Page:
Beagles are the most popular hound breed according to the AKC. They are squarely built, sturdy hound dogs with a short and easy to care for coat. Beagles resemble English Foxhounds but have broader heads and shorter legs than their cousins. Their muzzle is straight and square and they have wide, drop ears. Beagles' eyes are brown or hazel in color and have a distinctive expression which usually makes them look like they want something. Their tails are straight and should be carried high and erect at all times. Beagles most commonly come in two color variations – tricolor or red and white – but all hound colorings are accepted in the breed standard.
Size and Weight
Beagles resemble small Foxhounds and stand from 13 to 15 inches at the shoulder and weigh between 18 to 30 pounds. Females weigh in at the lighter end of the spectrum, while males are typically heavier.
The height limit for Beagles in the United States is 15 inches, while in England it is 16 inches. In the United States, two varieties are recognized: those not exceeding 13 inches at the withers, and those over 13 but not exceeding 15 inches at the withers. Any Beagle exceeding 15 inches is disqualified in this country and may not compete in field trials or dog shows.
Coat and Color
Beagles have a short, dense coat that lays flat across the body and is weather-resistant. They shed lightly throughout the year, but this is manageable through weekly brushing.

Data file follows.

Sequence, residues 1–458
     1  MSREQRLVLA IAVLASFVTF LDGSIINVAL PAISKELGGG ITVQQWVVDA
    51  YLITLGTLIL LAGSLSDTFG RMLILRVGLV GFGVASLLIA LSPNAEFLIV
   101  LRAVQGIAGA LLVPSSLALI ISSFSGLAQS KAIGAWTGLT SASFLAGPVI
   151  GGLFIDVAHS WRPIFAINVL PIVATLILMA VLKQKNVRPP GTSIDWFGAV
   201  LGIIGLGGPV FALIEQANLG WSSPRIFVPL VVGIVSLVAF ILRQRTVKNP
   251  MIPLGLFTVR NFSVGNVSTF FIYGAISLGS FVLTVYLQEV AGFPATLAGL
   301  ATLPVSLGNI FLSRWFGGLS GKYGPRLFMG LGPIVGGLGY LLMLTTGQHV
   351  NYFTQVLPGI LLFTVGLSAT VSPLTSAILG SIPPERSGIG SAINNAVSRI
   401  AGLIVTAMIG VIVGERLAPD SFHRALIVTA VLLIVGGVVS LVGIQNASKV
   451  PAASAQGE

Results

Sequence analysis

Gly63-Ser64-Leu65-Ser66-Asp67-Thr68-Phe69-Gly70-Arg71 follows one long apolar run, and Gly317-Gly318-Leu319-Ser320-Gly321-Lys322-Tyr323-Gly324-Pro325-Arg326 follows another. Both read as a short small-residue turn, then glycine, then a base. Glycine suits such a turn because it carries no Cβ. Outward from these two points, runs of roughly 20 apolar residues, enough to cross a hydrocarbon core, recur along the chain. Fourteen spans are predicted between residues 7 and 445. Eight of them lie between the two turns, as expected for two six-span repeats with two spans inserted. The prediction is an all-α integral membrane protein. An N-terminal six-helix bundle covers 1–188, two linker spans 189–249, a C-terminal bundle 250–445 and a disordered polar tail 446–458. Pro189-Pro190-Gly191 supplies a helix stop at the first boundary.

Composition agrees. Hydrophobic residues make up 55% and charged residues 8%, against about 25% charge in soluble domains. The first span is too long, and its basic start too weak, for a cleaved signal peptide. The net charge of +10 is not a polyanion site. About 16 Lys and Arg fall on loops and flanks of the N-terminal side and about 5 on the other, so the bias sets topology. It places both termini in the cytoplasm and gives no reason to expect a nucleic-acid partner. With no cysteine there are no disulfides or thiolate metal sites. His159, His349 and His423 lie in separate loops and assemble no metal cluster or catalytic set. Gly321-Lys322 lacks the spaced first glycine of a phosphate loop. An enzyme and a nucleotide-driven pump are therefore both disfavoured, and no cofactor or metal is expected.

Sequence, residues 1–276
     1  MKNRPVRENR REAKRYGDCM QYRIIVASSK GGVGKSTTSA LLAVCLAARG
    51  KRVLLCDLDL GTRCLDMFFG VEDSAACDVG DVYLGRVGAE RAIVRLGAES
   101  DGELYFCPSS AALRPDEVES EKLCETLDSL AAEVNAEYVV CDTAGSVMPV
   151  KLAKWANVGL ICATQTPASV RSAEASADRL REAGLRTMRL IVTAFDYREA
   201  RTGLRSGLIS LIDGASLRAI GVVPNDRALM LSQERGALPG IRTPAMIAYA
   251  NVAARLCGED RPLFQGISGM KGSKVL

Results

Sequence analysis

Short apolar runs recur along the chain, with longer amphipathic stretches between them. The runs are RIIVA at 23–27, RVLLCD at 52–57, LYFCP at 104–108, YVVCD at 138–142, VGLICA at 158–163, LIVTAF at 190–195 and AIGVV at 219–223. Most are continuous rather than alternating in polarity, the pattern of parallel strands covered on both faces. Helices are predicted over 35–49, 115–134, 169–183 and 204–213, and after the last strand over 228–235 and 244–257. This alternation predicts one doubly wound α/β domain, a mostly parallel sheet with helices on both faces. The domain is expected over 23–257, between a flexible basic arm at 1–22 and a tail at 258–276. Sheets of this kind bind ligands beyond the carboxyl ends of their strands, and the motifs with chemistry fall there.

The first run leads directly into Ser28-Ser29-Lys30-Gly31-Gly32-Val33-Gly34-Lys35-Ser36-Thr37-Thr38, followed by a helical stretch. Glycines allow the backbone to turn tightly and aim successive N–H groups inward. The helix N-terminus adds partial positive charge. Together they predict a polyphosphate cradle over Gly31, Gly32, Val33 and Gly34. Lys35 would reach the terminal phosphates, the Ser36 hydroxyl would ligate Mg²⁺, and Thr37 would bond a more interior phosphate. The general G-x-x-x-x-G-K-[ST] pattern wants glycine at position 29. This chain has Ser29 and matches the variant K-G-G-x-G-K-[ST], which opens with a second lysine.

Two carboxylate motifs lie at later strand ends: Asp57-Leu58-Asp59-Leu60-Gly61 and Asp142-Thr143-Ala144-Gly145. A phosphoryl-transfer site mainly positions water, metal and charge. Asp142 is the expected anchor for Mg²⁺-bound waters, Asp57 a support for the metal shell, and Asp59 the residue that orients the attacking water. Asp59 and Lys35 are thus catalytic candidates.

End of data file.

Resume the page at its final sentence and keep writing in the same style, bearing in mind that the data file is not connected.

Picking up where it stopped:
The AKC standard allows for all hound coloring. The most common color for Beagles is tricolor with a black saddle, white legs, chest, belly, and usually a white tip on the tail. Tan occurs on the head and around the saddle. The second most frequent color combination is red and white in a spotted pattern on the face, neck, legs and tip of the tail. Tricolors are born with only black and white markings, and the brown settles in with age. Beagles almost always have white tipped tails – a characteristic that developed so hunters were able to spot the dog when they're hunting in tall grass.
Beagles shed year round, but they grow thicker coats in the winter, making Spring a heavy shedding time for this breed. Weekly brushing with a higher frequency in Springtime can keep hair from making a mess around the house. They are naturally clean dogs, so they don't require a lot of bathing, but some Beagles like to play hard in the dirt and mud, so some individuals may require monthly washing.
They have drop ears which makes Beagles prone to ear infections. When air can't circulate into the ear, wax, water and harmful bacteria can get out of control. Weekly maintenance ear cleaning with a veterinarian-approved cleanser can keep painful ear infections to a minimum.